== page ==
If true, the reports that NVIDIA has lost the deal with Oak Ridge Labs to power one of its upcoming super computers would be a huge blow to the ground NVIDIA has won in the high performance computing market.  A story over at SemiAccurate repots as follows:

We said “would have been” because word has reached us that the win is now dead and gone. Stone cold dead. Actually, the blame is being put on Fermi and it’s power use, so it might not be stone cold, maybe burnt to death by hot stones. In any case, Dear Leader is now zero for two in the ‘wins’ he touted at GDC. Fermi is massively delayed, underpowered, hot, and the stopgap GPUs are so good that Nvidia won’t push them directly. Talk about opening a can of whoop-ass!

During this fall’s GPU Technology Conference hosted by NVIDIA, the company was proudly touting the fact that this world famous computing lab would be utilizing the upcoming Fermi GPU architecture for future systems.  From the NVIDIA press release on September 30th:

SANTA CLARA, Calif. —Sep. 30, 2009—Oak Ridge National Laboratory (ORNL) announced plans today for a new supercomputer that will use NVIDIA®’s next generation CUDA™ GPU architecture, codenamed “Fermi”. Used to pursue research in areas such as energy and climate change, ORNL’s supercomputer is expected to be 10-times more powerful than today’s fastest supercomputer.

Jeff Nichols, ORNL associate lab director for Computing and Computational Sciences, joined NVIDIA co-founder and CEO Jen-Hsun Huang on stage during his keynote at NVIDIA’s GPU Technology Conference. He told the audience of 1,400 researchers and developers that “Fermi” would enable substantial scientific breakthroughs that would be impossible without the new technology.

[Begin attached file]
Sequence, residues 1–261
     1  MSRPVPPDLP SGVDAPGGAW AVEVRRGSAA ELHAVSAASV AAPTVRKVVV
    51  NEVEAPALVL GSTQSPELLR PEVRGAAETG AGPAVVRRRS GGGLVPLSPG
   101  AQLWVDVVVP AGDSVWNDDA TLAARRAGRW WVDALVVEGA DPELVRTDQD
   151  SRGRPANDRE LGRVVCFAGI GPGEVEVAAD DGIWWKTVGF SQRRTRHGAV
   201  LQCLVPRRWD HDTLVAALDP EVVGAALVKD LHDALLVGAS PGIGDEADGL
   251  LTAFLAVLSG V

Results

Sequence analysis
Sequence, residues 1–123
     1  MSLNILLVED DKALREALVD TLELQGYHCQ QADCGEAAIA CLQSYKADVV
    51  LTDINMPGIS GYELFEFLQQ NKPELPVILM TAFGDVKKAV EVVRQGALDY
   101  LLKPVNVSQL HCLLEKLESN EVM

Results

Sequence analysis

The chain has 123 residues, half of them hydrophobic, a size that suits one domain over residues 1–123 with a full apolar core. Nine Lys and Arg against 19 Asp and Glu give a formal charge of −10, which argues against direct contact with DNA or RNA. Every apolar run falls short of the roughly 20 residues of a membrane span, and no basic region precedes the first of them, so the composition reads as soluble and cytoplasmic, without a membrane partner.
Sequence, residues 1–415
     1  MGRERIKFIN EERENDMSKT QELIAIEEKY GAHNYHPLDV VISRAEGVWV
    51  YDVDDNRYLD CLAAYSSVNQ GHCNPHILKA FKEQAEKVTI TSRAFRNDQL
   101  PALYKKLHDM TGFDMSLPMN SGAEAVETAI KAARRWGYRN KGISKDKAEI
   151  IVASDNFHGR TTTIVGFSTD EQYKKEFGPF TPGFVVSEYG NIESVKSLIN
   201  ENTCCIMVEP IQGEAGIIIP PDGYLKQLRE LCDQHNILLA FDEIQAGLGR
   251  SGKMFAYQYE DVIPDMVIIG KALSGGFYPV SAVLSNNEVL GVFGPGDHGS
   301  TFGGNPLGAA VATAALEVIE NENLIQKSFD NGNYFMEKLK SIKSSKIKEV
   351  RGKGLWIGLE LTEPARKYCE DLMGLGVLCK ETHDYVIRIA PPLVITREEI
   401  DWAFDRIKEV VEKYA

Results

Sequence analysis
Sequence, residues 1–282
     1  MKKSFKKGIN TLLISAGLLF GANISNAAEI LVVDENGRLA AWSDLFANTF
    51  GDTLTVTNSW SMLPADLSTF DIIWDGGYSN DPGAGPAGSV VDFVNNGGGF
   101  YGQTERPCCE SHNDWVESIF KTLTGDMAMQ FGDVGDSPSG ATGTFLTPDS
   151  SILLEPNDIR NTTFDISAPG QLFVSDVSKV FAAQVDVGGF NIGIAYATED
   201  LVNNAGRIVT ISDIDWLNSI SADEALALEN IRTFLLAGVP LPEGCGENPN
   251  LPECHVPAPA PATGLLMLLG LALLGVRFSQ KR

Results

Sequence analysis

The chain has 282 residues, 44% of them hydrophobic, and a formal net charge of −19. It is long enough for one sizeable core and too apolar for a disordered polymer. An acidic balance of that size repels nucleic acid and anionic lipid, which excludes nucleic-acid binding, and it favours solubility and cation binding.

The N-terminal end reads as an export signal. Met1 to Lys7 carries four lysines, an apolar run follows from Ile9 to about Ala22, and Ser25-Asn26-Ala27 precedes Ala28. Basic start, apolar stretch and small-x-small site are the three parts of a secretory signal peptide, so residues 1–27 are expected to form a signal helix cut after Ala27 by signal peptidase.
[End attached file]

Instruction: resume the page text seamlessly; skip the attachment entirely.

Well, whoops.  I hope those “scientific breakthroughs” weren’t that important to human society since they are once again going to be “impossible” without Fermi. 

Has NVIDIA lost its big HPC win with Oak Ridge Labs? - Graphics Cards 2
The Fermi Architecture

We do not know what Oak Ridge has decided to use in place of the Fermi architecture and it is possible that because of power considerations they might just be waiting for another evolution of the NVIDIA architecture to address some key issues before fully adopting it.
REMEMBER THE TRIUMPHANT WIN for Fermi at the Oak Ridge National Laboratory that Nvidia heavily touted at its GTC conference keynote? The supercomputer project was just killed for power reasons. Fermi power reasons. Whoops.

That keynote ‘win’, shortly followed up by the showing of faked boards, was the highlight of an otherwise dull show, but it was used to show the potential of Fermi. Faked boards aside, putting GPUs into HPC clusters and supercomputers is what Nvidia has staked much of it’s future on. The Oak Ridge National Laboratory (ORNL) win was a massive PR statement, even if it was unlikely to net Nvidia any money directly.

These ‘wins’ tend to be ‘sold’ at breakeven or a loss when all the numbers are added up, but they provide some very compelling selling points for smaller and more lucrative corporate clusters. It was a halo that would have been used to sell many more Fermi and Quadro boards over the next few years.